Convicted murderer Scott Dozier is scheduled to be executed Tuesday, the first execution at Ely State Prison and Nevada's first execution in 11 years.
The state will also be using an untested lethal drug cocktail, which has prompted controversy as some fear the execution will be inhumane.
But it will hardly be the state's first unique execution.
Before 1903, executions were the responsibility of the local sheriff where the crime was committed.
The only woman to be executed in Nevada was Elizabeth Potts, who was hanged in 1890.
In the 114 years since the Nevada Department of Corrections has carried out executions, 54 people, all men, have been put to death, according to NDOC records.
For many years, hanging was the primary execution method, but in 1911 the state legislature changed the law to allow prisoners to choose between hanging and death by firing squad.
Andriza Mircovich was the only inmate to ever choose to be executed by shooting. But the Department of Corrections struggled to find employees willing to participate.
"There was some controversy over trying to get enough individuals, staff to volunteer for that execution using firearms," said Glen Whorton, longtime NDOC employee and eventual NDOC director.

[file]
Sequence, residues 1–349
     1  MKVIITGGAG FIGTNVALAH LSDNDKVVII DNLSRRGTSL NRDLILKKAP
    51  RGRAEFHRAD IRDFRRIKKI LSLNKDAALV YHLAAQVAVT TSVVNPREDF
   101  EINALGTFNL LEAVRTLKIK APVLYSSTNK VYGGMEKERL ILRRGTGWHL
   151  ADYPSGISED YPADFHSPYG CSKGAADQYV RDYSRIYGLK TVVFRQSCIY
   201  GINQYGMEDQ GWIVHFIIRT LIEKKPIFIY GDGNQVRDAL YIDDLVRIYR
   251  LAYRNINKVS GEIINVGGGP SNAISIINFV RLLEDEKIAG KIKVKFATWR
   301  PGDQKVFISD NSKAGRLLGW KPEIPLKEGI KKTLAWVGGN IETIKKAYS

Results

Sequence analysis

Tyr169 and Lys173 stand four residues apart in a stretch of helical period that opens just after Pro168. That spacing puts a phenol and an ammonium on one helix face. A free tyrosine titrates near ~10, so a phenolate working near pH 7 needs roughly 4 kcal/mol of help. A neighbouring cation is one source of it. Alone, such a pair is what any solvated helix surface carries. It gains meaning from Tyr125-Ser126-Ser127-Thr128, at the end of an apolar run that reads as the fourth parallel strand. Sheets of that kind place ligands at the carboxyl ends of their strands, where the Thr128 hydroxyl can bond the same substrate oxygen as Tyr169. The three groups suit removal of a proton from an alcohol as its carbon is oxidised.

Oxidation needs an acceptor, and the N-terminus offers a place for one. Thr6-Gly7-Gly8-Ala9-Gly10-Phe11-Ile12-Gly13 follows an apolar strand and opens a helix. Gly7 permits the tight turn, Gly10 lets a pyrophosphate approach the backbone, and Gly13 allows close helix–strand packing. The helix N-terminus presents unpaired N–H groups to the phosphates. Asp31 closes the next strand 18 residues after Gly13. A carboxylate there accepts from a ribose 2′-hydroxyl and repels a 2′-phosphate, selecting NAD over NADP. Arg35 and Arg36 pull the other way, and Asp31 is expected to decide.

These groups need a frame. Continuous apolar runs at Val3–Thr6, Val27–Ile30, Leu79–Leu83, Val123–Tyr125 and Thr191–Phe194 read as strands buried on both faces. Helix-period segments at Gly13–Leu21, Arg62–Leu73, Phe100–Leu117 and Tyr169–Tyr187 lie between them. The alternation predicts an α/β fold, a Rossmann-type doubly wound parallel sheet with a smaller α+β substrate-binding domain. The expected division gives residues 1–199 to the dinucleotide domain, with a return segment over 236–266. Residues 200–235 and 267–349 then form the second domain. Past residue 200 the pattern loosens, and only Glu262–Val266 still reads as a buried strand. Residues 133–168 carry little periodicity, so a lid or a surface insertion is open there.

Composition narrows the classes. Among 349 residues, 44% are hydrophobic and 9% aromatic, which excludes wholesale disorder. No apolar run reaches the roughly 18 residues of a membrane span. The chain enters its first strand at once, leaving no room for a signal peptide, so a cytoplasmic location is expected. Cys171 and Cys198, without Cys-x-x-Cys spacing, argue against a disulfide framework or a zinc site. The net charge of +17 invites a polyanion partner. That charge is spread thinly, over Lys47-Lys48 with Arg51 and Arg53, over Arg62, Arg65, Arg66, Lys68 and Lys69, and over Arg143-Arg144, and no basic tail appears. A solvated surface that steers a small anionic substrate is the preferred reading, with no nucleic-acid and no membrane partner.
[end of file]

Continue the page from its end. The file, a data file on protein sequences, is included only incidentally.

"Ultimately, several employees and the warden resigned."
The new warden created a unique shooting machine that killed Mircovich automatically, Whorton said.
The 1921 Nevada Legislature outlawed hanging and shooting, becoming the first state to allow execution by lethal gas.
In 1924, Gee Jong was the first person in the United States to be executed by lethal gas.
Thirty-two prisoners were killed in a gas chamber over the next 50 years before safety concerns prompted the state to switch to lethal injections.
"There were concerns about the seal and whether or not it was a tight environment," Whorton said. "There's also concerns about evacuating the gas."
Eleven inmates have been executed by a lethal cocktail.
Over the years there have been several attempts to abolish capital punishment in the Silver State.
Most recently, two Democratic lawmakers sponsored a bill to prohibit the death penalty. That bill never advanced out of committee during the 2017 legislative session.